I started my first round at the end of May, 2009. I didn't follow the diet. Instead, I used myfitnesspal.com to set up a very large surplus in caloric intake that concentrated on getting lots of protein. That was very difficult for me, as I was a life long under eater. I did P90X by the schedule otherwise, though as I began to make progress I found it better for me to skip the easier workouts as they didn't tax me much (Kenpo, for example).

    I started at roughly 170 pounds at 6'2", 13% body fat - 170 was a high number for me, as I'd usually run 165ish, my historical weight had been closer to 150. I ended the first round up 11 pounds while maintaining my body fat level. I did a second round that brought me to 185, up 15 pounds total, and at 11% BF.

    At that point, I took what I'd learned and moved to conventional weight work - squats, deadlifts, and so on. I've kept the Stretch and Yoga DVD's as something I do every couple of weeks when I'm needing a break. Over about two years, I came to around 200-205 pounds at 11-13% body fat levels, depending on the time, and have maintained that level for several years. The lowest I've been in the last couple of years is 192, about 8% BF.

    My feeling on P90X is that it's great, particularly as a get you started type program. I believe better results can be had, both faster and more measurable, by a good lifting program coupled with good diet. However...that's hard information for a newbie to come by and make sense of. You won't lose anything by starting with P90X and graduating to something else. It's solid information, by and large, and it'll give solid results until the point comes that you can outstrip what the program pushes you to do. There may come a time when you can do more pushups than the length of window they allow on the DVD. You might need more weight than is reasonable to set up in the timeframe given. It's not that P90X doesn't work after a certain point, it's that other things become more reasonable to do.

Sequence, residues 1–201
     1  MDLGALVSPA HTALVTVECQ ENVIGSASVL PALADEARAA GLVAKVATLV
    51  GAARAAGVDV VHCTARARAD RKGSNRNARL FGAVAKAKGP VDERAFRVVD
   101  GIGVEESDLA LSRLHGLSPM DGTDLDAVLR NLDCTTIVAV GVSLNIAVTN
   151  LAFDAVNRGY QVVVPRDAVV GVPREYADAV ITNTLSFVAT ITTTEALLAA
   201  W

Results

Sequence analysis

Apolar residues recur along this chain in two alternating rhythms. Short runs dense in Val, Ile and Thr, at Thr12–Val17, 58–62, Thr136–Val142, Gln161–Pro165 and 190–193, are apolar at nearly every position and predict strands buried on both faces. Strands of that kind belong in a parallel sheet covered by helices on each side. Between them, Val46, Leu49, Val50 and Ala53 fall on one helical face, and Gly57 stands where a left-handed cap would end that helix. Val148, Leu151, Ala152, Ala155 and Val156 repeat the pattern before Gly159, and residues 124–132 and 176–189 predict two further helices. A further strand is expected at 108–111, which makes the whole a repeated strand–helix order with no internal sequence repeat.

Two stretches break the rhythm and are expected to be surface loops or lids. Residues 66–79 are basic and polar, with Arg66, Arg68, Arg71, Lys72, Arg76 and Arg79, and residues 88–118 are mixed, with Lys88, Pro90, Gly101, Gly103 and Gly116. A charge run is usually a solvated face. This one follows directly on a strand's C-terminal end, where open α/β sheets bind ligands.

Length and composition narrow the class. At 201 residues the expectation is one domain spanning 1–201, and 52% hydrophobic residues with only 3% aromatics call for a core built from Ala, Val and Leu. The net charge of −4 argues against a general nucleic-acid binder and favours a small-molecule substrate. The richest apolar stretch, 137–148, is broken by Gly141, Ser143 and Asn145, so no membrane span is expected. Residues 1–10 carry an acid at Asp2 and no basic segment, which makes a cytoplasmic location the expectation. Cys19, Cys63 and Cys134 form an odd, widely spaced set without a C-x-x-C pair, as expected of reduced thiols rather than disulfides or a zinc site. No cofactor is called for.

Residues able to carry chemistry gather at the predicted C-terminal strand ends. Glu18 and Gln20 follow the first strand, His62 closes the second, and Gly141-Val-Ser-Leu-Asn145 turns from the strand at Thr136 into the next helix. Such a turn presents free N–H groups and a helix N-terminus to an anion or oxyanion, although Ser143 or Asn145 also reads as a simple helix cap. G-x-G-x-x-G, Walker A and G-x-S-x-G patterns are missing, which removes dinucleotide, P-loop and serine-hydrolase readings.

Plus at some point you'll want to punch Tony Horton in the face. When that day comes, it's probably time to go lift. Find a bar and a cage and go to town.

    Power 90, P90X-2, P90X-3, and Insanity are all flawed in some way, IMO.
    I agree weight training and a good diet probably is better. I normally do weight training with a bad diet though. Committing to p90x helped me got mentally all in. So far I have maintained clean eating for 2 weeks. Hopefully it will be a good habit I carry with me as I go back to the gym.

    Leave a comment:


  • ronrob
    replied
    I'll be coming from the opposite end of the spectrum of most, I started rail thin and wanted to put on muscle. P90X was the first thing I used to help accomplish that.

    I started my first round at the end of May, 2009. I didn't follow the diet. Instead, I used myfitnesspal.com to set up a very large surplus in caloric intake that concentrated on getting lots of protein. That was very difficult for me, as I was a life long under eater. I did P90X by the schedule otherwise, though as I began to make progress I found it better for me to skip the easier workouts as they didn't tax me much (Kenpo, for example).